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I work in the United States, and despite the importance of social distancing in the workplace brought on by Covid-19, my direct supervisor last week explicitly forbade me to work from home. He feels the coverage of the pandemic is overblown and that things will return to normal in a couple of weeks.

I am concerned for my health and my loved ones, as I have a few high-risk family members that I see from time to time. I am hopeful to move to a "work from home" solution later this week.

A few additional context points:

  • My line of work can be done remotely, as a few other employees in our office work remote and have done so for a number of years.
  • The owner of the company has already sent out an email saying that if any of us feel uncomfortable working from the office, we can work from home
  • In my supervisor's defense (trying to give him the benefit of the doubt), we do have a small office of only 3-5 employees on a given day, and each of us has our own "quarantined" office space (i.e., our work space is not cubicles or an open office layout)
  • He told me that as long as he's coming into the office, I need to be there too.

I feel there are ideological differences going on here, as my supervisor and I have differing opinions on the role of government, and he's quite skeptical of the media portrayal of the pandemic. How to tactfully push back on his stance, appeal to the owner's previous email, or is there really nothing that can be done in this case?

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    Have any cases been reported in your region? The US is half a continent to itself. – user1666620 Mar 23 at 13:20
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    Yes: 9 reported cases in my county as of this morning. – Will Mar 23 at 13:23
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    @user1666620 As of last week every US state has reported confirmed cases of COVID-19. – Peter M Mar 23 at 13:56
  • @JoeStrazzere - yes, I can. I can opt to keep my private office shut, but we all share a restroom, break room, and printer/computer equipment. So I have to wipe stuff down constantly – Will Mar 23 at 14:17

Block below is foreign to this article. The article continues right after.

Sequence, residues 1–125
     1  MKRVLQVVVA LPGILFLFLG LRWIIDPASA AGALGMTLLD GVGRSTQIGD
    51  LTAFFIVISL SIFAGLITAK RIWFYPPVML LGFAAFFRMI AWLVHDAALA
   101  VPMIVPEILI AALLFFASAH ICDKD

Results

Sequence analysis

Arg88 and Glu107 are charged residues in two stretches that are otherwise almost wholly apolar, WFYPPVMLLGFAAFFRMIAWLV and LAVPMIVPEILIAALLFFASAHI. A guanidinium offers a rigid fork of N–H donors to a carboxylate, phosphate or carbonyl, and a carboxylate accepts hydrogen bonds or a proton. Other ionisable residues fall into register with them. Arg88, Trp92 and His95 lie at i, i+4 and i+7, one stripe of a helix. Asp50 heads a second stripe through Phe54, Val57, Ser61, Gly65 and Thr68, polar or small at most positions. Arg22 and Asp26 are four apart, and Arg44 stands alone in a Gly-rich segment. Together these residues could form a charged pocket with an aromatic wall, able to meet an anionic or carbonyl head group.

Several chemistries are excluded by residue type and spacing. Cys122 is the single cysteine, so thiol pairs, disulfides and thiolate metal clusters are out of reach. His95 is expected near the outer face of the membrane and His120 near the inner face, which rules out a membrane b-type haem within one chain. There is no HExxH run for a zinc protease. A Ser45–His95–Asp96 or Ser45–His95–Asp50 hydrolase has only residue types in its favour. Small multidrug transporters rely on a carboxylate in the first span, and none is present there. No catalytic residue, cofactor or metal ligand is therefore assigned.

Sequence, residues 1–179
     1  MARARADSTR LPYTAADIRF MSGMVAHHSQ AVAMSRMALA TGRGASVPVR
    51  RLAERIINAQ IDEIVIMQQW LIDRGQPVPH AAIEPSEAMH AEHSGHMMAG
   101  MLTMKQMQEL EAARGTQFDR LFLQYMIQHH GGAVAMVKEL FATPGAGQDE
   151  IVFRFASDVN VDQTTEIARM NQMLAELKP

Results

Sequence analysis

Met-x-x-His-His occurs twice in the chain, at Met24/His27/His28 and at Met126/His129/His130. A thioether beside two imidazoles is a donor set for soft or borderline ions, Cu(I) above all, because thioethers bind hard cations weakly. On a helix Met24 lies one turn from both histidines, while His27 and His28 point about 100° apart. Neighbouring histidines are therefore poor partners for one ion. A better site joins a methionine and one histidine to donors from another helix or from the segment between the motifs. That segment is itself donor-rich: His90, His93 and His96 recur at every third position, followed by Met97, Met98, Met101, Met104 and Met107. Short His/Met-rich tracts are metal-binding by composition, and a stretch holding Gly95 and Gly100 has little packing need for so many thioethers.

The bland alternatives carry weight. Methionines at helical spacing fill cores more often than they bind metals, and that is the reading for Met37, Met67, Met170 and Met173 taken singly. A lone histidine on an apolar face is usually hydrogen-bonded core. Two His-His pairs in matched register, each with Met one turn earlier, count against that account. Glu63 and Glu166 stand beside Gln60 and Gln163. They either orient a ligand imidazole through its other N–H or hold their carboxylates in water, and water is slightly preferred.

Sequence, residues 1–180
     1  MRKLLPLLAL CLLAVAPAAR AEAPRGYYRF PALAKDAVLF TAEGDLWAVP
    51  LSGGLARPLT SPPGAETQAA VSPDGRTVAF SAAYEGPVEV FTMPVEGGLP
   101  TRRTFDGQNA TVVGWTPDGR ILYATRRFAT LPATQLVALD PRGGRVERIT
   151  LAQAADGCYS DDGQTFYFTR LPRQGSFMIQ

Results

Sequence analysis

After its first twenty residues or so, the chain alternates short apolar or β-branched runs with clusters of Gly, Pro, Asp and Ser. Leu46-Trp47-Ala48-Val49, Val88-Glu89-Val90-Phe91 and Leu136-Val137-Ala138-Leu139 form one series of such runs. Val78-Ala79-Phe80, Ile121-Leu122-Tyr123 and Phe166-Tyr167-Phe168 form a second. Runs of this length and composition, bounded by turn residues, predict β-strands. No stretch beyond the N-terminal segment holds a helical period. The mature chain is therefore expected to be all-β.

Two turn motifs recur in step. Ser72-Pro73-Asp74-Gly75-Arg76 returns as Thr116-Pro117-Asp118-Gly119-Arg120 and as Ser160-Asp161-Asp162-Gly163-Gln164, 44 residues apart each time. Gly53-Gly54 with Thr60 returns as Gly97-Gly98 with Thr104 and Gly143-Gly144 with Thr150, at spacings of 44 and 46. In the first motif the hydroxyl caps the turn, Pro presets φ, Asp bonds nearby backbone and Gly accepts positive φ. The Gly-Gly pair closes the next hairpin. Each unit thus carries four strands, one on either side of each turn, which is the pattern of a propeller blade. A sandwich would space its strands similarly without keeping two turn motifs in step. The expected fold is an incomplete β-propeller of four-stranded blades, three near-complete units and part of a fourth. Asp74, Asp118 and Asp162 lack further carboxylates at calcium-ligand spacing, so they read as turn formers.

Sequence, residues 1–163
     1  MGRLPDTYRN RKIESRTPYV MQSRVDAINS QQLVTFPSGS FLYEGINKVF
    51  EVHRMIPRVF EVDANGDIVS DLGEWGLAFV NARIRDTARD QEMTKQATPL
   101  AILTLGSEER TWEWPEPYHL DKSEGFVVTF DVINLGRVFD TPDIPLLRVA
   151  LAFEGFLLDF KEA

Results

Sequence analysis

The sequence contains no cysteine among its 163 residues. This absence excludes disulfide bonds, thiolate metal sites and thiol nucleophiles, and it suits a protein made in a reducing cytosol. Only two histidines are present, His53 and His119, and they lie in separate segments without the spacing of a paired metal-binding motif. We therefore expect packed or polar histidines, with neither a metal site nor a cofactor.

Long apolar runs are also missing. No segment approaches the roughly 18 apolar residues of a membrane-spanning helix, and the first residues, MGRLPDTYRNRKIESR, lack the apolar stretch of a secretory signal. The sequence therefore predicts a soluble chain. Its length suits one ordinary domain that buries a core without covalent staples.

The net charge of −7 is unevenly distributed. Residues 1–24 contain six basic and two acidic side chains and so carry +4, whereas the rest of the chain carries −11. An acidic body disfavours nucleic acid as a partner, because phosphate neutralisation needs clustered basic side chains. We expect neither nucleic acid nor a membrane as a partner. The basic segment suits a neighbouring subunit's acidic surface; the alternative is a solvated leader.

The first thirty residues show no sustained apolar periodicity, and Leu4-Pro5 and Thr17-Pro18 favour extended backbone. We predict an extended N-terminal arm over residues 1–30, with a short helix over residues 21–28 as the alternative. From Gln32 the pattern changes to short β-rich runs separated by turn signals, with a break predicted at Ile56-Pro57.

• Thanks, @JoeStrazzere - I should have made it more explicit in my original post. I am concerned for my health and my loved ones, as I have a few high-risk family members that I see from time to time. I am hopeful to move to a "work from home" solution later this week. I appreciate your feedback. – Will Mar 23 at 15:34
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In light of the current situation, I'd say, your (or any individual's) health is of paramount importance, and if anything can be done to ensure safety - it should be done.

Your direct supervisor may not be having the same mindset as the government / company owner / common people - but they need to follow the directives from the company owner (higher management).

I'd say- forward that email from the company owner to your superior, mentioning that you are uncomfortable working from office and would like to avail work from home. Let them respond in writing that they want you to come to office - where they are expected to mention a really good reason for defying the owner's guideline.

  • Unless there is a really compelling reason for you to go to office and
  • as you mentioned your work can be done nicely while working remote

I believe you should be granted to work from home.

He told me that as long as he's coming into the office, I need to be there too.

That's a very poor analogy and won't be accepted as a reason for asking you to come to office.

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  • I wouldn't say "I'm uncomfortable", I would say "It is dangerous to the health of myself and others in the company". – DJClayworth Mar 24 at 15:20

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